https://www.leelikesbikes.com/wp-content/uploads/2018/08/leelikesbikeslogoheader.jpg 0 0 leelikesbikes https://www.leelikesbikes.com/wp-content/uploads/2018/08/leelikesbikeslogoheader.jpg leelikesbikes2008-03-21 07:27:592008-03-19 12:28:41Improving traction on wet wood?
Improving traction on wet wood?
Here’s a question for you or other readers out there. What do you recomend to make wooden surfaces less slick in a damp environment? I’ve seen chicken wire but I worry about sharp edges puncturing tires and people, especially after some rusting.
Metal mesh, Whistler style. The riders seem to damage the mesh more than vice versa. Rider: Doctor Brandon Sloan.
Chicken wire or metal mesh seem to be the standards. If you fall off an elevated bridge, I think you have more to worry about than the wire.
I’ve also seen people cut hash marks into the wood or add little slats for texture.
I suppose, too, that good construction will minimize the need for traction. As long as the surface is leaning with the tires, traction is optional (sort of).
Avoiding bridges since 2004 …
We use expanded aluminum and it is by far the best thing. Google it.
What happened on 2004?
I spent a month in Whistler/BC. The bridges there are so well built and integrated into the trail, riding them makes sense.
Most bridges elsewhere seem silly to me.
I am not dissing elevated riding. It just isn’t my favorite.
Lee- Another one to toss in the hat. The only suggestion I offer is to criss-cross cut the riding surface of the skinny we are talking about with a chainsaw. If its a wet ladder, then you have ride it wet, be ultra careful, knowing that if you lock the brakes your zinging out dam fast. Ladders work when properly protecting sensitive areas. I hope to deter the use of metal, or aluminum as there are reports of huge lacerations from riders who fail to navigate the stunts properly.
Lee In the North of England we get a lot of wet weather so on the trails that I work on we have used all sorts of techniques to improve traction chicken wire, expanded ally ( neither of which we are now permitted to use on H&S grounds) rough cut wood, split logs, latts and cross cuts etc all of which have there pro and cons but all get very slippy at some point!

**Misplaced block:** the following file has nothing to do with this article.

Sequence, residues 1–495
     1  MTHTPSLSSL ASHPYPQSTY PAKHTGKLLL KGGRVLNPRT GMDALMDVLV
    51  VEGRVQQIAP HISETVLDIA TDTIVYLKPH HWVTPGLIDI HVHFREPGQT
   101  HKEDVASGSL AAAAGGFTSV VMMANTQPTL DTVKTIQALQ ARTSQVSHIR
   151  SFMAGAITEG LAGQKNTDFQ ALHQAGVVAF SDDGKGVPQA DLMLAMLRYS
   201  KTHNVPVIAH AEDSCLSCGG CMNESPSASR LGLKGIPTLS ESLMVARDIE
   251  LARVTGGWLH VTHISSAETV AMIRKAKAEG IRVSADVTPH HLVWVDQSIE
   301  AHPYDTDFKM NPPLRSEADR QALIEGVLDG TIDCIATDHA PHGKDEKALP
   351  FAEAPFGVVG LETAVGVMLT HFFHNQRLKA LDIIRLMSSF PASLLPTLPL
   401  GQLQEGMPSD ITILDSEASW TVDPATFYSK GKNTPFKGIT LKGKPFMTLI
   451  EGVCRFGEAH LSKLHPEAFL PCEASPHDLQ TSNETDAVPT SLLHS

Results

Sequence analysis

So for log rides we came up with something different inspired by something I saw in Scotland but taken to the next level (well we think so). It’s quite work intensive but we have managed to ride up and down steep sections even when covering the log in mud, we have even managed to do endos/stoppies when the surface was wet.
You have to make cuts into the log every 2-3 inches at 90deg to its length and then break/chisel the surface away creating random edges. The cut edges provide grip for breaking and power while the grain edges stop you sliding sideways. Our test log ( http://www.pinkbike.com/photo/1698944/ ) we cut by hand but if you use a chainsaw the cuts (which are deeper than the surface) allow water and dirt to be flushed from the riding surface.
Sticky compound tires and using the proper types of wood are what matter. Cedar works best. But you’d better have lots of native deadfall cedar to use.
I’m with Lee on the propriety of wooden stunts and bridges. If they are to traverse boggy sections then they’re good. But to build them just to imitate the North Shore, that’s silly. Build natural trails with natural features.
I spent 1999-2004 riding lots of wooden man-made stuff. The keys are using the proper wood, split to give natural wood grain exposure for traction, and using sticky compound tires run at lower pressures.
I’d make sure drainage was a factor in building your structure. Ensure there is a slight “crown” or slant to your surfaces will help the water shed faster, inhibiting growth of anything. Another idea is to us either copper or nickel. Copper and nickel is used in roofs to keep the growth of stuff in control. Just a couple extra ideas for you. Using copper and nickel may not be practicle, but, designing your structure to incorporate some type of drainage may help.
Thanks everybody. This is great stuff.
Years ago in Bike mag, there were a bunch of photos of Northshore bridges with old tires tacked onto them. That’s right, old mountain bike tires cut into short strips. These were laid diagonally across the log rides, and tacked in place with nails. It looked a little tacky, but it might work great. If anything, it’ll definitely add some character to yer stunts.
We have a cottage where the ramp to the floating dock (dock falls 5 feet + over the sommer) made of composite lumber (Trex). It seems to get more traction when wet. If you could find a dock/deck builder and get his off cuts, you could make a grippy stunt. I have not hade mud on it before so I don’t know how it would be.
Just an observation, I realize it would not be practical in some situations.
One of the trail down hear in S FL ( Markham Park) Has quite a bit of wood strutures. Most of them are nessasary for keeping the trail together and keeping the flow. Anyways, the trail care crew have nailed down roofing shingles on the the bridges and ladders that are sketchy and at critical turns on the wooden structures. It saved my butt a couple times when I was going too fast in dry conditions. They deffinatley kept me from fly off in to the bush.
try “brush on grip tape” … flat housepaint mixed with sand